Since the best performance of KMnO4 the in the acid medium, if the contents of the conical flask turns brown, it means insufficient acid catalyst was added, addition of more acid would revert the solution to colorless. Not all acids act as catalysts for permanganate reaction although. The only acid suitable for employ is dilute sulphuric acid. Hydrochloric acid will be oxidized to chlorine.
2MnO-4(aq) + 10Cl- (aq) +16H+(aq) → 2Mn2+ (aq) + 5Cl2 + 8H2O(I)
While nitric acid would compete through the permanganate ion for the reducing agent since itself is a strong oxidizing agent like the KMnO4.
Oxalic acid solution
Pipette (25cm3 )
Measuring a cylinder
Conical flask (25cm3 )
1. Rinse the burette (50.0cm3) twice through a few cm3 of KMnO4 solution. Fill the burette by the KMnO4 solution above the Zero mark and drain to this mark, making sure the burette tip is full and the air is expelled within the body of the KmnO4 solution.
2. Pipette out 25.0cm3 of the Oxalic acid solution to a 250cm3 conical flask, add about 15cm3 of 2M H2SO4 and heat to between 60-80°c.
3. Titrate the hot mixture by KMnO4 solution until it holds a permanent faint pink colour.
4. Repeat the titration using fresh sample each time until at least 2 titrations are within 0.5cm3 accuracy.
5. Record the titre values using the format in earlier experiments and discover the average titre value.
6. From your consequences determine.
a. The number of moles of oxalic acid utilized in the titration.
b. The number of moles of permanganate utilized in the titration.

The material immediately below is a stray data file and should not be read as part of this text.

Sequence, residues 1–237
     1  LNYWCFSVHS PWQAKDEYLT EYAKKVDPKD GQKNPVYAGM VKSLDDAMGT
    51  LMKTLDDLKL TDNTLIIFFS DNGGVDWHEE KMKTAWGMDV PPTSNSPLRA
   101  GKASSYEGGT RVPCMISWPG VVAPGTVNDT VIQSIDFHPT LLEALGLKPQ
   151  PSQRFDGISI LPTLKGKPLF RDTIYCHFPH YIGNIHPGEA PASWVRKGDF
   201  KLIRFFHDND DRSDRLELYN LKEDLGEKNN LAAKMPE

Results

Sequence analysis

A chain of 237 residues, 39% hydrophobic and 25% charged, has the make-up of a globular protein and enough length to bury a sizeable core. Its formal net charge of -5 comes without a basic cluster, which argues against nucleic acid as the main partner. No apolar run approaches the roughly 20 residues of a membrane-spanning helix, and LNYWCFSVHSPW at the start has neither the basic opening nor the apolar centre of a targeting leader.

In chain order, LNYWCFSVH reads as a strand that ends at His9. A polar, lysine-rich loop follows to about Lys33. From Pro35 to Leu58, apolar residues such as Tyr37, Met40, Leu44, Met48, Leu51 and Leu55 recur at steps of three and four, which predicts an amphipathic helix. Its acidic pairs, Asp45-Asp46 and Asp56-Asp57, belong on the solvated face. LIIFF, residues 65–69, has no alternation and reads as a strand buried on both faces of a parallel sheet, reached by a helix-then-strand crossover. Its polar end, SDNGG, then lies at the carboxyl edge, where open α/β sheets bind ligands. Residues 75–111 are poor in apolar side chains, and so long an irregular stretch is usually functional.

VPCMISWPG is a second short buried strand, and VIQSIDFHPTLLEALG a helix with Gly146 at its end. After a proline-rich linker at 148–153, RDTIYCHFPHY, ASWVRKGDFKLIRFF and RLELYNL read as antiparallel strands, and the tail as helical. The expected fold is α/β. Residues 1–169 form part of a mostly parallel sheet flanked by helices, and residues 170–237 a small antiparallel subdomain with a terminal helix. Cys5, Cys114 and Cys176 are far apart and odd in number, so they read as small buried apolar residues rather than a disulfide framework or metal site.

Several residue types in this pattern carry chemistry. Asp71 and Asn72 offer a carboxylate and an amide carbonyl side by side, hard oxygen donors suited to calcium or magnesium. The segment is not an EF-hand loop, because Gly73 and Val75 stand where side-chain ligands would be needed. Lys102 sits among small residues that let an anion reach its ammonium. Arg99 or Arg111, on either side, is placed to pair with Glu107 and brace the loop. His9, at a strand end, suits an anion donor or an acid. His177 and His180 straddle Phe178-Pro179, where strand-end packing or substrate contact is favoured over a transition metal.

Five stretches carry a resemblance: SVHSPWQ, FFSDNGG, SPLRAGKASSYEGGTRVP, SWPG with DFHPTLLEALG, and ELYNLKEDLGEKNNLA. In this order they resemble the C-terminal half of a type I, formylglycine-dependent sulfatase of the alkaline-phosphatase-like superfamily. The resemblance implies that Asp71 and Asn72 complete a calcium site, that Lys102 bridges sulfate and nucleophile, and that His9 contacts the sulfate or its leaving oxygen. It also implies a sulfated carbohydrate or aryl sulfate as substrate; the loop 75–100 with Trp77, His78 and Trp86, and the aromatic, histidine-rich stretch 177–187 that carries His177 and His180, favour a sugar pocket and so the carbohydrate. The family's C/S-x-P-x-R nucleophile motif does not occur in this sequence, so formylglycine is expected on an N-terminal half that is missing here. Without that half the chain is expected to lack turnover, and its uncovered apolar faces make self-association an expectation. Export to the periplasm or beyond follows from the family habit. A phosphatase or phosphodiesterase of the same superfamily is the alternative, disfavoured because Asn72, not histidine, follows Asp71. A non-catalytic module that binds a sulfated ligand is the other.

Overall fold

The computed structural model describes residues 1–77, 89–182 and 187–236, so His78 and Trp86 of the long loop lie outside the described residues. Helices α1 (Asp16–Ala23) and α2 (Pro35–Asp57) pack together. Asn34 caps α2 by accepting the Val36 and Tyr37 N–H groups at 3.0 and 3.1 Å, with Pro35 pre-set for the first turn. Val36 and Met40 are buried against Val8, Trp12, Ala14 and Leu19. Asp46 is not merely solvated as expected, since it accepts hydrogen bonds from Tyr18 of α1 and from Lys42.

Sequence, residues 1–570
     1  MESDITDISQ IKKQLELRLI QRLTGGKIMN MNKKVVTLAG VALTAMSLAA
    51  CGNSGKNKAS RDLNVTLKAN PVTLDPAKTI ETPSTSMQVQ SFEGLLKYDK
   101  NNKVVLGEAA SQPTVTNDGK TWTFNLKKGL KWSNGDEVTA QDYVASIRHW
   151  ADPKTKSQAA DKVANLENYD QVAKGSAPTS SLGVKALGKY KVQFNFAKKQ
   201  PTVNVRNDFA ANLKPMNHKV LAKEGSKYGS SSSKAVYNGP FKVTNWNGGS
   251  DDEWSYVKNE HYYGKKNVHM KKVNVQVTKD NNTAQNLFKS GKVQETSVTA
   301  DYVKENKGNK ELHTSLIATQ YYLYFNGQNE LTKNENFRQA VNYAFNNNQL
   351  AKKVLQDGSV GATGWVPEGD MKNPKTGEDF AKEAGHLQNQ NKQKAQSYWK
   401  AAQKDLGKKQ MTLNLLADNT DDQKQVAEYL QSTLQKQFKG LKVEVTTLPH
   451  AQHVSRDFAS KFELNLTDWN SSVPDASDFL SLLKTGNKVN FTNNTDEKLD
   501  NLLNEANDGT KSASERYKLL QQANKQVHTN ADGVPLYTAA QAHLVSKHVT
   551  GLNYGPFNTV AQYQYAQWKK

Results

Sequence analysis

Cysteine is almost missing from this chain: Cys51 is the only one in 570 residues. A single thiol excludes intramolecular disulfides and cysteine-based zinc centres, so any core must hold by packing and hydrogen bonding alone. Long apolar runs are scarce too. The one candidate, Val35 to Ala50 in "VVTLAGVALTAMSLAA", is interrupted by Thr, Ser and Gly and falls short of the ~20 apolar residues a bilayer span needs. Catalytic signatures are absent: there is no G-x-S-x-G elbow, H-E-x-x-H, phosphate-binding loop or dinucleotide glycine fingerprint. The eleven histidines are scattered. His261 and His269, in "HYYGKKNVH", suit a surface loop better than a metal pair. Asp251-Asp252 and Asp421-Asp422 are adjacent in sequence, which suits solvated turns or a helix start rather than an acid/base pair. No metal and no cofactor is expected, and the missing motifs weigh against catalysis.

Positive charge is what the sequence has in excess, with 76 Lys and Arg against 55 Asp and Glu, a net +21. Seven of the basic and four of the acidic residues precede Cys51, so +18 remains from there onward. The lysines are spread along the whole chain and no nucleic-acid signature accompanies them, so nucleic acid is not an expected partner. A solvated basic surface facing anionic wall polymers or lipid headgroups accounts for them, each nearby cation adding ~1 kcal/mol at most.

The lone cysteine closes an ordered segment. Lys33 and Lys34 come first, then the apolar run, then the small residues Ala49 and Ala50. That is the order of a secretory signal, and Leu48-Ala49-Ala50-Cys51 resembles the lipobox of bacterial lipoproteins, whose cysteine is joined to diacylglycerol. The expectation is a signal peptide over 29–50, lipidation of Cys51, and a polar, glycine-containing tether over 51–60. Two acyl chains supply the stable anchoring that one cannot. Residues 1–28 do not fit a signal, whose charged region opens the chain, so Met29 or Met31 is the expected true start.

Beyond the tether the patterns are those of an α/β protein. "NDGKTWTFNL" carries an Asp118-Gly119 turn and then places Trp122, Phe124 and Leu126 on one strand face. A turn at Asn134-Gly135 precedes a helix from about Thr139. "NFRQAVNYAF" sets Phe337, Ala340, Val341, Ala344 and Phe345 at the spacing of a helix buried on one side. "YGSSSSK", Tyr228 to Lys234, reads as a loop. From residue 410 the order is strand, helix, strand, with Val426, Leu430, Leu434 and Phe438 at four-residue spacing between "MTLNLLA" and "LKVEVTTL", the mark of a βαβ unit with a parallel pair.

c. The concentration in moldm-3 of permanganate that is molarity.
d. The concentration in gdm-3 (Mn = 55, K = 39.0 =16, C=12, H = 1,N =14).
Volume of KMnO4
Treatments of Results:
We should be familiar through the procedure in treating consequences that we have attained from performing a volumetric (titrimetric) analysis. The procedure for Redox reactions is essentially similar to acid / base titration. The major difficulty is the perceived difficulty in balancing the redox equation. The subsequent steps can be utilized as guidelines:
Step 1: The equation of the reaction
MNO- 4 (aq) + 5C2O42- (aq) + 16H+ aq → 2Mn 2+(aq) + 10CO2 (g) 10CO2 (g) 8H2O(1)
From the equation, the mole ratio between the reactants is,
5moles C2O42-(aq) is = 2mol MnO4-(aq)
Step 2. We shall suppose the followings:
1. The potassium permanganate solution was prepared through dissolving between 1.4 and 1.6g of the solid in 1dm3 of solution
2. The standardized oxalic acid solution was prepared via dissolving 0.84g of solid in 250cm3 of solution.
3. The average titre value obtained for KMnO4 is Vcm3.
Step 3. The concentration of Na2C2O4 in moldm-3 = 4 x 0.84 / 90
= 0.037 moldm-3
No of moles utilized in the titration = Molarity x volume/ 1000
= 0.0009 moles of Na2C2O4
Step 4. Find the number of moles of KMnO4
From the equation of reaction
5 moles C2O42- = 2mol MnO4-
0.0009 mole C2O42- = 2/5 x 0.0009mole MnO4-
=0.0037 mole MnO4-
Step 5. Find the amount in moles dm-3 of the KMnO4 solution
Moles dm-3 No of mole x 100 / Vm
Moles dm -3 0.000376 x 1000 / Vm
0.37/ Vm = Xmolesdm-3
Step 6.Find the mass Concentration of the KMnO4
Mass concentration = Con. in moldm-3 x molar Mass KMnO4
= X moldm-3 x 158g mol-1
= 158Xgdm -3